Hove Foot Clinic has been closed since lock down was announced on 23rd March to all but at risk patients (including people with diabetes, neuropathy, rheumatoid arthritis and other auto-immune conditions, peripheral arterial disease and the immuno-supressed), key workers or urgent cases where there is a risk of infection or ulceration.  One patient we were delighted to treat was a junior doctor with a persistent ingrowing toe nail which had not responded to antibiotics.

A partial nail avulsion was performed under local anaesthetic to remove the problem side of the nail.  A chemical called phenol was then applied to cauterise the nail bed and stop the nail growing back.  It was pleasure to be to help get this doctor back on his feet and back to his vital work treating patients in A&E.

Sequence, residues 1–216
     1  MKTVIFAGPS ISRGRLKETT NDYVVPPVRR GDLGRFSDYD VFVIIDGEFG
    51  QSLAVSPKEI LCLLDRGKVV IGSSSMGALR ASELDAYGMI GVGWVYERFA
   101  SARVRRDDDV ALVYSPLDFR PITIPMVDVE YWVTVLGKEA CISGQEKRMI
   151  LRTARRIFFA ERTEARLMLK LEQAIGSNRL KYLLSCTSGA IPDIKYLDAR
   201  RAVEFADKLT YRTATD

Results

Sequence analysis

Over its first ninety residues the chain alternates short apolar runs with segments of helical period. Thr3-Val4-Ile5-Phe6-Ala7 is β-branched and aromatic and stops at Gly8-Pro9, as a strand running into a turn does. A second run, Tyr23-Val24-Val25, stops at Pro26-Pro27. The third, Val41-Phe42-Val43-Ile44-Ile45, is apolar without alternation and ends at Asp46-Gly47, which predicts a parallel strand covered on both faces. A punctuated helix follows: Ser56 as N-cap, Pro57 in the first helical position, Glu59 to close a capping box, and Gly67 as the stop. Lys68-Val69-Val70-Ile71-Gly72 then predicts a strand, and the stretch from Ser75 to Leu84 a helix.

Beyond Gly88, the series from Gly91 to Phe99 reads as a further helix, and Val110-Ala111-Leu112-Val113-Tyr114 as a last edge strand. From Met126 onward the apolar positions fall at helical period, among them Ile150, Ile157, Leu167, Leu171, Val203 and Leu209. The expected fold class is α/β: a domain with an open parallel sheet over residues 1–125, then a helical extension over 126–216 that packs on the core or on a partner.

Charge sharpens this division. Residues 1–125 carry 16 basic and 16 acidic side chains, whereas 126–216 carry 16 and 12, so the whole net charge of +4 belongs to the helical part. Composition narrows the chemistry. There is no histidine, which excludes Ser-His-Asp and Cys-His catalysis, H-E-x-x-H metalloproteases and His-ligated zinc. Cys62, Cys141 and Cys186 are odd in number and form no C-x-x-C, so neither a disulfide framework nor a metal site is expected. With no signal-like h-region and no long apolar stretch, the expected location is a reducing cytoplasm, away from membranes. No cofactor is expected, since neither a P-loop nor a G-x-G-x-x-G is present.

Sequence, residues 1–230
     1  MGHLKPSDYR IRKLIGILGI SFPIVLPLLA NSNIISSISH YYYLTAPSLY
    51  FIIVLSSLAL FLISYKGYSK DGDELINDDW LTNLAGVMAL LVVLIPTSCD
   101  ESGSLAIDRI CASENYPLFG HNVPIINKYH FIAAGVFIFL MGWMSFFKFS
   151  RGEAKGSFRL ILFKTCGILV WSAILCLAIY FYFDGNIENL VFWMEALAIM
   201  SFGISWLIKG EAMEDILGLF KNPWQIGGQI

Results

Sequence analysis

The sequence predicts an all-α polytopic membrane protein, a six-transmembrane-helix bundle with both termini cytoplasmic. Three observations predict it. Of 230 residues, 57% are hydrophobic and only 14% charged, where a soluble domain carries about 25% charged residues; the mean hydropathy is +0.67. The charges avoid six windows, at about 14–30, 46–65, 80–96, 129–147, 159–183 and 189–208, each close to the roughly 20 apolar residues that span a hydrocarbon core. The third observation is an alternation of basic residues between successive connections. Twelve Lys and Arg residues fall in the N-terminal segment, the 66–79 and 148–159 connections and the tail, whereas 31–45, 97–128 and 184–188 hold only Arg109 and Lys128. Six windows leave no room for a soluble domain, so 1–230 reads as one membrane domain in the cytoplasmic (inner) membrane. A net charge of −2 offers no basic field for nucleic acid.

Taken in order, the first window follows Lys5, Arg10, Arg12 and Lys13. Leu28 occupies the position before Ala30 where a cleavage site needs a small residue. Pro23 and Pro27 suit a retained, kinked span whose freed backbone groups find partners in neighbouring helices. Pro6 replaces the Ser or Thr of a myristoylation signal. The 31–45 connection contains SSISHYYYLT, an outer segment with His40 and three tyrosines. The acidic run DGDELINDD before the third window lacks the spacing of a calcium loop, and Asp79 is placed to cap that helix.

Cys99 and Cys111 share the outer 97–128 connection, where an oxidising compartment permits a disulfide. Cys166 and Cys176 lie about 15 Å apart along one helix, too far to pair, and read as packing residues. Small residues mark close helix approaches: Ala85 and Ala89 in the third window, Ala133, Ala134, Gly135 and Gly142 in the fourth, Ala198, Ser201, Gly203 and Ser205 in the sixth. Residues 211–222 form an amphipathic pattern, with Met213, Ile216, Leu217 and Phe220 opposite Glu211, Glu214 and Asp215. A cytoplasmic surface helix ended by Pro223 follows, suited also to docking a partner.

Ingrowing toenails can occur when a nail has been damaged or is deformed. The nail grows into the skin causing pain and sometimes leading to infection. In more severe cases, it can cause pus and bleeding. Ingrowing toenails most commonly affect the big toenail as in this case, but can affect the other toes too.